The House of Nire chronicles the story of the Nire family, starting at the turn of the 20th century. The family’s story started with the establishment of the Nire Hospital for Mental Pathology located in Tokyo’s Aoyama district. It was founded by the family patriarch Kiichiro Nire. The story then moves forward and introduces the various members of the family, with their lives intertwined with the fate of the hospital. This is where it gets rather tricky as the hospital is chiefly an asylum for patients with mental disabilities. Somehow, these mental disabilities extended into the family. There is a wisdom behind what has been said about mental disabilities slowly trickling into the psyche of psychiatrists. Or at least that was how the story makes it up to be.
Beyond the story itself, after reading a little about Kita, the book’s focus on medicine comes as no surprise. Morio Kita, which I learned was the pen name of Sokichi Saitō (斎藤 宗吉, Saitō Sōkichi) was a psychiatrist who graduated from Tohoku University’s School of Medicine. Another interesting trivia about the book is that it is a parody of Buddenbrooks, a book by German Nobel Laureate in Literature Thomas Mann; Mann is another writer whose oeuvre I am looking forward to. I actually thought it was The Magic Mountain, another novel by Mann, that was being parodied because of its theme of mental health. Anyway, this was also one of the reasons why I wanted to read The House of Nire. Interestingly, it was Mann who inspired Kita to be a novelist.
Back to the novel. I can barely find traces of the parody; maybe because I haven’t read Buddenbrooks yet. However, I find the book complex and deep. Failure is a recurring theme with some members of the family, albeit descending from a “fine” line, kept encountering failures. Some failed as politicians while some failed as intellects. One character even wrote an extensive book on psychology but was easily challenged by the intellects of the period. There was another character who failed as a sumo wrestler. It seems to be hinting that failure is a profound reality and that we should learn how to cope with it. The hospital itself was also the center of several failures, from failure to comply with standards of health to failure in maintaining its finances.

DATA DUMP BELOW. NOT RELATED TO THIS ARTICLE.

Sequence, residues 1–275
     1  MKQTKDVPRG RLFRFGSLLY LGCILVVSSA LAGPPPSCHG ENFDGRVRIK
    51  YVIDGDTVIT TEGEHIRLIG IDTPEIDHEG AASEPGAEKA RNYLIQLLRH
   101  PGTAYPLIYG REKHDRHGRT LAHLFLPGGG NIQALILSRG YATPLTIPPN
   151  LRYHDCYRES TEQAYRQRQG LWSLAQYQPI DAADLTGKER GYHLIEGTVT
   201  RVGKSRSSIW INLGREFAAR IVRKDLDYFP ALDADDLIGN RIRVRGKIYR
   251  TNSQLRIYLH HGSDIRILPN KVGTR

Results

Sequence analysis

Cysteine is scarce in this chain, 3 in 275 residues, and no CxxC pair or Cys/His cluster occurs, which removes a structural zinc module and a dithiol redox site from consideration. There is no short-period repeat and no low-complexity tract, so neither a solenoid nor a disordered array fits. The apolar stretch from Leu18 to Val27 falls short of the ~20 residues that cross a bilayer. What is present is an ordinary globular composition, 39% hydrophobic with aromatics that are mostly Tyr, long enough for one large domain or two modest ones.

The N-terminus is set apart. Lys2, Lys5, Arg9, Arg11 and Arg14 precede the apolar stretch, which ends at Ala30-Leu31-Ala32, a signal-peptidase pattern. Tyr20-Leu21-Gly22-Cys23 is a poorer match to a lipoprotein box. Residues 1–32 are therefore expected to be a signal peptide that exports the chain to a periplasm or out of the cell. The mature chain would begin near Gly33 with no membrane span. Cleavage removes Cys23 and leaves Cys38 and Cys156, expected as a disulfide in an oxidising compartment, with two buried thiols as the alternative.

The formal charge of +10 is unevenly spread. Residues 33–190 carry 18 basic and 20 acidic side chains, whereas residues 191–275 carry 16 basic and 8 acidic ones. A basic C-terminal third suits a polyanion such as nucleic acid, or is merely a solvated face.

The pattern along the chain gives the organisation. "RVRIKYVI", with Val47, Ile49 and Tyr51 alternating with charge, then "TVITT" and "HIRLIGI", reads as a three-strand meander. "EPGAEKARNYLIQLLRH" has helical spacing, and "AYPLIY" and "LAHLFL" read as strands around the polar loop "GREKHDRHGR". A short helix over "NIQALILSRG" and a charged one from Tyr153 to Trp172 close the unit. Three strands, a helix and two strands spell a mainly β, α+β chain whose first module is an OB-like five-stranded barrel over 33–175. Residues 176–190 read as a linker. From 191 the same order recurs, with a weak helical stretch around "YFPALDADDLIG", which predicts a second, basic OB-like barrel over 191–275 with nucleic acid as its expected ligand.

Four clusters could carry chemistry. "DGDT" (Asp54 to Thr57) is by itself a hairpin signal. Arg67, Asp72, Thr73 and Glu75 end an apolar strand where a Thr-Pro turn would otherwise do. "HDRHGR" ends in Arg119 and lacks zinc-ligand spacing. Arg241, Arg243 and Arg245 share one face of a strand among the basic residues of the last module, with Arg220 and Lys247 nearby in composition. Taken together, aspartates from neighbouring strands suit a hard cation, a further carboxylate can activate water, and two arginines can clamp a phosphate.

Failure, in the ambit of the story, extended beyond the family and the hospital. Toward the end of the story – I am just a little under a hundred pages from completing the book – the landscape of the story started to change. From the hospital, Kita transported his readers to the heart of the Second World War, at least the part of the war that involved the Pacific. Some members of the family have been sent to fight the war. Like their leaders, they had the confidence of winning the war. We know how it ended. What I am interested in, however, is how it will impact the life of the Nire family as the war comes to a close. Speaking of the war, the novel was very rich in historical context. Several prominent historical events and figures were part of the dialogues between members of the Nire family.
There are a lot of things I am looking forward to. I am hoping to finish the book over the weekend. How about you fellow reader? What book or books are you taking with you for the weekend? I hope you get to enjoy them. Again, happy weekend everyone!